by Allison Milam in Recipes, View All Posts, April 16th, 2014
by Amy Reiter in News, April 16th, 2014
Last night marked the last of this year’s Passover Seders. If you’re celebrating, that means your first shards of matzo and bowls of matzo ball soup are behind you. But what happens between now and the big break on the eighth day? Zapping matzo pizza in the microwave may hold you over for the first couple days, but it won’t be long before you start craving something more. This year, load up on spring veggies and hearty proteins for dynamic, satisfying meals that leave nothing to miss. That way, you can make it till the end without a carb-craving meltdown — or a matzo-induced belly ache. Read more
by Maria Russo in Shows, April 15th, 2014
Conscientious Eating: Are you paying too little for ethnic food? Food writer Sarah Henry makes a persuasive case that you just might be. “Mom-and-pop shops and divey diners repping diverse cultures from around the world, slinging seriously tasty stuff for a fraction of the price it costs — and the effort it takes — to make at home” are a “cornerstone of city living,” she notes in Edible San Francisco. However, as we “bite into that banh mi with mystery meat or chow down on Chinese dumplings made by kitchen hands who may earn less than minimum wage,” we may be turning too blind an eye to the “provenance of raw materials or exploitation of food service people, many of them immigrants or people of color.” Sarah asks, “Who cares what goes on behind the kitchen door when food this cheap tastes so good?” We all should, she says. [Edible San Francisco]
Lettuce, Mayo … no Mat: Subway fans who’d prefer to enjoy their sandwiches without azodicarbonamide — a bleaching chemical used in the fast food chain’s bread that, though approved by the Food and Drug Administration and widely used in food products, has sparked concern because it is also used in yoga mats and shoe rubber — rejoice. The eatery says the ingredient will be removed from its bread by next week. Though some food scientists insist the ingredient is not harmful, Subway was apparently feeling pressured by the public outcry. “You see the social media traffic, and people are happy that we’re taking it out, but they want to know when we’re taking it out,” Tony Pace, Subway’s chief marketing officer, told the Associated Press. “If there are people who have that hesitation, that hesitation is going to be removed.” [AP]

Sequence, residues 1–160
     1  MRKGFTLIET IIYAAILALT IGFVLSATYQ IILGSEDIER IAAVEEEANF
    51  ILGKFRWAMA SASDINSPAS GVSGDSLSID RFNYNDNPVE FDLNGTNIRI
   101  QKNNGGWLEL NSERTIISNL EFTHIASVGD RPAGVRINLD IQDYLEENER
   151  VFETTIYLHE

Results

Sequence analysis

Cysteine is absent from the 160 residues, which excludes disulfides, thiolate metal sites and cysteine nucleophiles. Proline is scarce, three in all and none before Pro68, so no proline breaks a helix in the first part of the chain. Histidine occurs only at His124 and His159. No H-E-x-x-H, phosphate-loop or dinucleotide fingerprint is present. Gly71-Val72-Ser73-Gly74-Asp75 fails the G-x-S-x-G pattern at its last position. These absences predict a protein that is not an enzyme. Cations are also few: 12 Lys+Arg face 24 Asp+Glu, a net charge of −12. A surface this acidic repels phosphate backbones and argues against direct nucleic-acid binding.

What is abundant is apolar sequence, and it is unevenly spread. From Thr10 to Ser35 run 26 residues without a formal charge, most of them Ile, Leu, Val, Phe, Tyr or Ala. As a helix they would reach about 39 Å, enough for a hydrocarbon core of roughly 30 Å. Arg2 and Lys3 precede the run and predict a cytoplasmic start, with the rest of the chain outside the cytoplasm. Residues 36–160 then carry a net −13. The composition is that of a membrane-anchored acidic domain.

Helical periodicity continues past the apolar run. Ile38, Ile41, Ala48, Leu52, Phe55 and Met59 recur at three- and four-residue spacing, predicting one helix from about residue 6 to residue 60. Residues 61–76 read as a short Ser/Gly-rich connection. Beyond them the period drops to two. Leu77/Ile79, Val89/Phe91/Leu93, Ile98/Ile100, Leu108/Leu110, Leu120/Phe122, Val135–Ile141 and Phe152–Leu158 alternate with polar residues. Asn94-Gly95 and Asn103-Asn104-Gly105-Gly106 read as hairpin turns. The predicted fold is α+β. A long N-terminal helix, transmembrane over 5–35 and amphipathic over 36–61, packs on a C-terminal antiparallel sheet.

by Maria Russo in Holidays, Recipes, April 15th, 2014
Just a few months ago, five of your favorite Food Network chefs came together on The Kitchen to celebrate what is arguably the most-important room in the home. Now after a premiere season jam-packed with an over-the-top snackadium, special guest chefs, Tool Takedowns and one unforgettable Double Provolone, Geoffrey, Jeff, Katie, Marcela and Sunny are gearing up for a second round of go-to recipes for eats and drinks, timesaving cooking strategies and kid-friendly meal solutions. FN Dish was on the set of The Kitchen recently and we caught up with the group as they looked back on their most-memorable moments from early episodes and revealed what’s to come in new episodes, beginning this Saturday at 11a|10c.
For many of the co-hosts, the top unforgettable moment was when Jeff donned a sandwich-themed bodysuit to perform an impromptu routine he called The Double Provolone for Brian Boitano. “I mean, I saw it on the monitor ’cause I wasn’t actually in that segment, but I was crying I was laughing so hard,” Marcela admitted. Jeff and Katie, too, recounted that scene, Jeff deeming it “very risky” and Katie saying simply, “That was special.”
by Amy Chaplin in Uncategorized, April 15th, 2014
The beauty of a ham is that, like a Thanksgiving turkey, it’s a big-batch entree that can feed all of your holiday guests at once, so there’s no need to prepare individual servings of dinner. But also like a turkey, ham needs a bit of dressing up before it’s ready to take center stage at your Easter feast, and in most recipes that next-level addition comes in the form of a glaze. Sweet, spicy, tangy or nearly anywhere in between, glazes complement the natural richness of ham and can play to your guests’ tastes. Check out Food Network’s top-five Easter hams below to find wow-worthy recipes that are a cinch to prepare from Trisha, Melissa, Ina and more chefs.
5. Baked Ham with Brown Sugar-Honey Glaze — Made with just two ingredients — brown sugar and honey — Trisha’s fuss-free glaze tops the ham well into the cooking process, so the sugars don’t burn before the meat is cooked.
4. Ginger-Peach-Glazed Ham — Food Network Magazine recommends letting the ham chill in a ginger-spiced brine for at least 24 hours before cooking it and finishing it with a sweetened Dijon topping.
by Foodlets in Family, Holidays, April 15th, 2014
When made with different colors of jam, these little cookies are reminiscent of a pretty collection of jewels. They satisfy both the need for something nutty and crisp and any desire for big fruity flavors — all in one bite. The combination of...